Post written by SysBots.
While I’ve learned to eat much healthier over the last six or seven years, one of my biggest challenges has been overeating on social occasions.
There are holidays like Thanksgiving and Christmas, but there are many more: my kids’ birthday parties, going out to dinner with my wife Eva, get-togethers with friends, social gatherings of business colleagues, drinking with best friends.
I’ve always tended to overeat, because:
- I am distracted by conversation and so I eat mindlessly; and
- unlike at home, where I’ve created a healthy eating environment, I tend to be surrounded at these occasions by boatloads of tempting but unhealthy foods.
I’ve gotten better recently, though, and have been teaching myself healthier habits.
My main habit is simple on the surface: mindful eating.
Mindful eating is simply being aware of your eating, of your body’s actual hunger signals as opposed to your brain saying “eat all that sugar and fried stuff!”, of your urges to eat more when you’re not hungry, of your snacking even when your stomach isn’t asking for more.
Mindful eating is eating slowly, fully tasting the food, appreciating every bite, being conscious of what you’re putting into your body, savoring but not overdoing.
Mindful eating, though, can be tough to do when you are distracted by talking to friends and family. So I asked readers (on Google+) to share their tips for beating the social overeating habit. You came up with some great ones.
I share these tips in hopes that you’ll find use for them during these holidays, and beyond.
- Constant awareness of bodily feedback and sensation. Ask yourself, “Am I hungry? Do I need more? Etc.” Being aware of your body’s hunger signals is a skill that has been overridden by years of overeating due to food reward properties like sugar, salt, fat, etc., but it’s a skill that can be relearned with practice. (from Brian Johnson)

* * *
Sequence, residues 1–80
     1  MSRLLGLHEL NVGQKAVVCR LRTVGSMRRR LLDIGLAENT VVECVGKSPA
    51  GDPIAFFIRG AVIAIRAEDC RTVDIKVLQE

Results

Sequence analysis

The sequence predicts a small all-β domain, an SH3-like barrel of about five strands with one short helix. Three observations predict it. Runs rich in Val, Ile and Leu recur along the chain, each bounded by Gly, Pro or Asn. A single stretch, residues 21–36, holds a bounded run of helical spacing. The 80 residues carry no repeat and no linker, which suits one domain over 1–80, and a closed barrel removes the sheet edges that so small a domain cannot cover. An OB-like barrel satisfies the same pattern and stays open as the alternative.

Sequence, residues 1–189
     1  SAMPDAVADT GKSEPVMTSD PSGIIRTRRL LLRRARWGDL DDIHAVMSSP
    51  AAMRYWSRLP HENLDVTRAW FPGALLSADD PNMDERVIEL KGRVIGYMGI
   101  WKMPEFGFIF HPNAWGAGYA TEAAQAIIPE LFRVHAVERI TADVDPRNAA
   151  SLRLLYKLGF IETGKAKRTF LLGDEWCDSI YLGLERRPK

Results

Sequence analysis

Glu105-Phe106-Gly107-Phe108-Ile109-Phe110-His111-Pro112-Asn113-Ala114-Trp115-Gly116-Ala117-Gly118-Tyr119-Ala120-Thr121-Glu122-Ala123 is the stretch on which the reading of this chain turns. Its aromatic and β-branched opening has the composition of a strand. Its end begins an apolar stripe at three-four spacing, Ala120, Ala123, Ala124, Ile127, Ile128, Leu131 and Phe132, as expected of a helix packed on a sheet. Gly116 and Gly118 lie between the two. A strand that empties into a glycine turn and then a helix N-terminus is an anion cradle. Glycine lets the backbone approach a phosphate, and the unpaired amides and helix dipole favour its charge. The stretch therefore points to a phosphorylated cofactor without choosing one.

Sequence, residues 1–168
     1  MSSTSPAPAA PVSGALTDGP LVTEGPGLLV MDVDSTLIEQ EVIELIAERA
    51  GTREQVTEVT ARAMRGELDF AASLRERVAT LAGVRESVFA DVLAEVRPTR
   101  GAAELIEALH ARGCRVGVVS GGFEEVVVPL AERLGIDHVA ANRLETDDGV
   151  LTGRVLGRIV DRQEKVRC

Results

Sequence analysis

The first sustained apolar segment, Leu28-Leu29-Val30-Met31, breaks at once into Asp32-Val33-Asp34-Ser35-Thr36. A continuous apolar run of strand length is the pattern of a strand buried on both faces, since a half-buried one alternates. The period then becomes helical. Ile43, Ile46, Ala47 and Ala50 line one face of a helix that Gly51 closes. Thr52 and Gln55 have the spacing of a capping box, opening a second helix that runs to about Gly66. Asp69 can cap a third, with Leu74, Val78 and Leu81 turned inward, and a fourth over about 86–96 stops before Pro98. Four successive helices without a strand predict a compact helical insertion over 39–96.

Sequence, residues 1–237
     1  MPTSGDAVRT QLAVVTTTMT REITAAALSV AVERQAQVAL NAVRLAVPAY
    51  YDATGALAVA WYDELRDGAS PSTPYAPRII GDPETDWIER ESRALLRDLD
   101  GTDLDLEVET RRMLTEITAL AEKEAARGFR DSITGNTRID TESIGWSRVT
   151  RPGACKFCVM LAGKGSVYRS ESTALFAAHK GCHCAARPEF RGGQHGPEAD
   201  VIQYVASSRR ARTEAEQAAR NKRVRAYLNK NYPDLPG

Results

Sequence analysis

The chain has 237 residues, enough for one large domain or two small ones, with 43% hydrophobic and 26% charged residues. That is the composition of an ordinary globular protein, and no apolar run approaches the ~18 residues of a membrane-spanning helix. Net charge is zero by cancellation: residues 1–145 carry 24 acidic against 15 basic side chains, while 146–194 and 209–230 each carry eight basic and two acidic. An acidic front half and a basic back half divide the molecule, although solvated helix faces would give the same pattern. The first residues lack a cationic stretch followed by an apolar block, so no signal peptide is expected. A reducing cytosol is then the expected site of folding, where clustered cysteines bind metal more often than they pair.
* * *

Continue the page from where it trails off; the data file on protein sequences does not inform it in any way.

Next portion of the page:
- Don’t go to an event hungry. Eat something healthy and at least somewhat filling before you go. This way you’re less likely to mindlessly snack. This was one of the most popular tips submitted by readers, including Cyndi Pauwels, Cameron Chapman and many others.
- Eat until you’re 80 percent full. This is a cultural habit that the Okinawans have, and it famously helps them stay healthy well into old age. (from Leo)
- Don’t linger near the food table. Make a conscious choice to eat whatever you want to eat, but don’t eat just because other people are eating or because it’s convenient. (from Cameron Chapman)
- Actually engage socially with someone. If your mouth is talking, it can’t eat. (from Kenneth Cummins)
- At a standing event, keep one hand in your pocket, and the other holding a glass of water. Unless it’s a high-end, Roman-esque event with personal serving maidens, you can’t eat what you can’t pick up. (from Kenneth Cummins)
- Cheat without guilt. For one or two occasions a year, allow yourself to eat as much as you want, which doesn’t necessarily mean to stuff yourself, but to eat without thinking too much about consequences. Two big meals on Christmas or similar occasions don’t spoil a year-long habit of healthy eating. Don`t overanalyze, just enjoy, without any bad conscience. (from Alessandro Shobeazzo)
- Plan behavior beforehand, and plan it specifically. If going to a place of feasting (holiday, buffet, free lunch, etc), make a specific plan for what you will allow yourself to do. For example, plan to eat a good portion of protein, one starch, and lots of green vegetables. With your plan, you can then acknowledge the urge to overeat, but not give in. Make sure to make a specific plan BEFORE the event and NOT on an empty stomach. (from Jonathan Pishner)
- Place your two palms together. Whatever fits in between is the approximate size of your stomach. Project that on to your plate and put only this much food on it. (from Ivan Staroversky)
- Drink lots of water and eat s-l-o-w-l-y. Eating slowly allows you time to hear the faint but clear ‘enough! enough!’ cries coming from the belly. (from maggie dodson and Sujit Kumar Chakrabarti)
- Get over the idea of finishing your plate and be stubborn about stopping when you’re full. Most people are conditioned from childhood to finish everything on their plate so will keep eating when full. Be warned though that other people will sometimes get upset at you for not eating everything. Stick to ‘it was great but I can’t fit anymore in’ until they move on. (from Rhiiannon Dwyer)
- Try to count up to 15 chews per each mouthful. That will really slow you down. (from Hudson Gardner)